The History of the Holy Jesus … Being a pleasant and profitable Companion for Children : composed on Purpose for their Use. By a Lover of their precious Souls. 15th edition (Boston: Printed by I. Thomas, for Z. Fowle, [1767?]). Graphic Arts Collection Sinclair Hamilton 68 (2) s
The History of the Holy Jesus: containing a brief and plain account of his birth, life, death, resurrection, and ascention into heaven : and his coming again at the great and last Day of Judgment : being a pleasant and profitable companion for children : compos’d on purpose for their use / by a lover of their precious souls. Sixth edition (Boston: Printed by J. Bushell and J. Green, 1749). Graphic Arts Collection Hamilton 28s
The Sinclair Hamilton Collection has six editions of The History of the Holy Jesus, 1749: Hamilton 28s; 1749: Hamilton 1311(1)s; 1767: Hamilton 68(2)s; 1774: Hamilton 68(1)s; 1779: Hamilton 88s; and 1958 (1746): Hamilton 1311(2)s. According to Hamilton, the 4th edition, published by D. Gookin in Boston in 1747 was the earliest American edition of this book, with similar plates in the 4th, 5th, and 6th editions attributed to James Turner (1721-1759?). Turner is best known for “Join or Die” the snake representing the early American states commissioned by Benjamin Franklin (See: Karen Severud Cook, “Benjamin Franklin and the Snake That Would Not Die,” The British Library Journal 22, no. 1 (spring 1996)).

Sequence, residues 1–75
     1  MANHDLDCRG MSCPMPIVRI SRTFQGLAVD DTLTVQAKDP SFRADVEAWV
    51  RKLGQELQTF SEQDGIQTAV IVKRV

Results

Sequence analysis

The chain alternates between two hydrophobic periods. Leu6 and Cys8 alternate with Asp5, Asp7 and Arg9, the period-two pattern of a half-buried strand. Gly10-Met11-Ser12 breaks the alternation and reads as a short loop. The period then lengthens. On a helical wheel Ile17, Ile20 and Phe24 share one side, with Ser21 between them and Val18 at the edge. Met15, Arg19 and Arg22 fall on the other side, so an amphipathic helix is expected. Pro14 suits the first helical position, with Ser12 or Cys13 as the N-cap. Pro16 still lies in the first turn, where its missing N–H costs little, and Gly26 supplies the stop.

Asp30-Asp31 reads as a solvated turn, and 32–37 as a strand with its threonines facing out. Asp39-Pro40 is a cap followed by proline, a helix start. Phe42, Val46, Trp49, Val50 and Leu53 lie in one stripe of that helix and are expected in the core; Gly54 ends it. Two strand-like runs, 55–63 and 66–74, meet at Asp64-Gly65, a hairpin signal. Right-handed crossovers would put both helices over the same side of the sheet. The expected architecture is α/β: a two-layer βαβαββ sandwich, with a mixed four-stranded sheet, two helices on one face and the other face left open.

Later on the Boston printer Zechariah Fowle (1724-1776) published several editions of this book with illustrations recut by young Isaiah Thomas (1749-1831). Hamilton notes “Certain of the cuts in these two edition of 1766 and 1767 appear to have been re-engraved from those which James Turner may have made for the earlier edition…. All of these are in reverse form the earlier cuts and are of poorer workmanship than the originals. Some changes have been introduced such as … in the cut of the prodigal son the number of swine has been reduced from two to one. There is also a small cut of a three-masted square rigger, presumably representing the ship which figured in the miraculous draught of fishes, which may have been copied but not in reverse, from the more elaborate cut of a ship, proudly flying what looks very much like the English flag, in the earlier editions.”
Besides the changes in cuts, Princeton’s 1767? volume has a unique hand painted paper wrapper with the design continued on the back. This copy is missing pages 1-10 and 41-45 but the rest is usable and a great comparison with the earlier cuts.
Left: 15th edition 1767? Right: 6th edition 1749